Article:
von Nelia Lücke und Lea Nieswitz (9a)
Im Zuge ihres Englischunterrichts hat die Klasse 9a vor den Osterferien zwei Romane behandelt: Robert Swindells’ „Stone Cold“ und Patrick Ness’ „A Monster Calls“. Wenn auch ihr mal wieder Lust auf ein englischsprachiges Buch habt, könnt ihr hier erfahren, worum es in den Romanen geht und ob diese das richige Lesefutter für euch sind.
A Monster Calls by Patrick Ness
Are monsters really just fantasy?
This highly readable story, narrated from the point of view of Conor, a 13-year-old boy, combines reality and fantasy in one extremely entertaining book.
The novel depicts Conor’s struggles concerning his Mum having cancer and his dad living in America with a new family. The story portrays the feelings of this teenage boy, making the book very emotional.
While reading, you get into the character and can relate to Conor being hurt, which makes the story on the one hand gripping and on the other hand heartbreaking. Being on his own, he learns to push his feelings into the background. But Conor is hurt and this all comes to light at night, when meeting a monster he himself has conjured.
I strongly recommend the novel because it makes you question whether monsters are really just fantasy or maybe something more, and it reveals what you can do to yourself by keeping your feelings locked away.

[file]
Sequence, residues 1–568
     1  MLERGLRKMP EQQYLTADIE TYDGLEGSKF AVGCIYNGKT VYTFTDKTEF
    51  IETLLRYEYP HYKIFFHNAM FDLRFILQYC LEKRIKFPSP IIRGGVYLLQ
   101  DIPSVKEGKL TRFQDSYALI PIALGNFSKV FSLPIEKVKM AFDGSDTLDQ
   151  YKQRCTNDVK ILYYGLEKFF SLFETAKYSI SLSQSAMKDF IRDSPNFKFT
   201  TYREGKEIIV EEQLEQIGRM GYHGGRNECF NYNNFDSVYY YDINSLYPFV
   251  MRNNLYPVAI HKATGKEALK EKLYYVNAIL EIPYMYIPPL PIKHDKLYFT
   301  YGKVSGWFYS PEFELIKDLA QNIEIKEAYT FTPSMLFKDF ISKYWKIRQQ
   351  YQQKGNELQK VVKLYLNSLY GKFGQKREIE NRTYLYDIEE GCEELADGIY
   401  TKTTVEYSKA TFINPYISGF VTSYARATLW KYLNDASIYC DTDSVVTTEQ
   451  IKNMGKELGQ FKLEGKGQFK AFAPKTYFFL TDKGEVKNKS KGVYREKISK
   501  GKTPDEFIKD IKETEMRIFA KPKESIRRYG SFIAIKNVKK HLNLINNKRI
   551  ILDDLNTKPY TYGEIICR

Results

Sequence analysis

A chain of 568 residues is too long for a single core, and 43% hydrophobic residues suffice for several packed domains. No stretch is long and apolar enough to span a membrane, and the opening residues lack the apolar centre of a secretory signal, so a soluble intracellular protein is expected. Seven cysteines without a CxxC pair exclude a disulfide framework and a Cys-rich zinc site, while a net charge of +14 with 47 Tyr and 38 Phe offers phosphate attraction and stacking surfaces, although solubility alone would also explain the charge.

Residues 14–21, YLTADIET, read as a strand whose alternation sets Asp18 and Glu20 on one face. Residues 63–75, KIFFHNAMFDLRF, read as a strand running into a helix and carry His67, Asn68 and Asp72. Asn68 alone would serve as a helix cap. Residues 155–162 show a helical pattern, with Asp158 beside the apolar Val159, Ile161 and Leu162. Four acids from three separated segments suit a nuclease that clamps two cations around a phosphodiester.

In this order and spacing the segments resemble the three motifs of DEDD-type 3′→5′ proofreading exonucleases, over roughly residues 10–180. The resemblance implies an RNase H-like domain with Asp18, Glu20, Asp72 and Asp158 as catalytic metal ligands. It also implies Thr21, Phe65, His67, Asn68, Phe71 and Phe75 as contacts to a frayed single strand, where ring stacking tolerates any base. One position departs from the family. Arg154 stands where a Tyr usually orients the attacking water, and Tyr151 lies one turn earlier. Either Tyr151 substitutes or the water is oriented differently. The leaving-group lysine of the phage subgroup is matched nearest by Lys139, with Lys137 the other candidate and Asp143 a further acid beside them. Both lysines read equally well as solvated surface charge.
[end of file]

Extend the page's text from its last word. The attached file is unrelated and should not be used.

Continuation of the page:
Stone Cold by Robert Swindells
Criminal x Homeless – Is that an interesting combination?
The novel “Stone Cold”, written by Robert Swindells, relates an incredibly fast-moving but also highly gripping story, which takes place in the streets of London and roughly tells the story of Link, a young adult who leaves home due to some unfortunate circumstances and becomes homeless. While reading, you realize that there is a second point of view focusing on a mysterious person.
After leaving home because of his mother’s new boyfriend, who is abusive and an overall nasty person, Link ends up all alone and homeless on the streets of London. He tries his best to get off the streets and get a job, but the authorities blame him “for making himself homeless”. But things get better when Link makes friends with Ginger, an experienced homeless person.
At the same time, there is another character named Shelter, who is planning something big and cruel. We get to know that he is an ex-soldier and that he seems to be pretty upset about having been thrown out of the army. He has the dream of creating his own army and the way he means to fulfill his dream is frightening.
Things start to get scary, homeless people are disappearing, but none of the “normal” people care since they tend to avoid the homeless. Ginger also disappears and Link gets worried. However, after Ginger fails to return, Link meets a homeless girl and they become really close. Link and Gail, the homeless girl, want to call attention to the vanishing homeless people, but the police don’t believe them because they are homeless and also underage. Choosing to find the cause of the disappearances himself, Link gets into serious danger…
I personally enjoyed reading this novel a lot, since the storyline is highly thought-provoking and action-packed. It offers a different perspective on life, considering that it’s told by a homeless teenage boy, and gets you thinking about the issue of homelessness. I can recommend this read to everyone who is interested in action and crime fiction with a kernel of truth.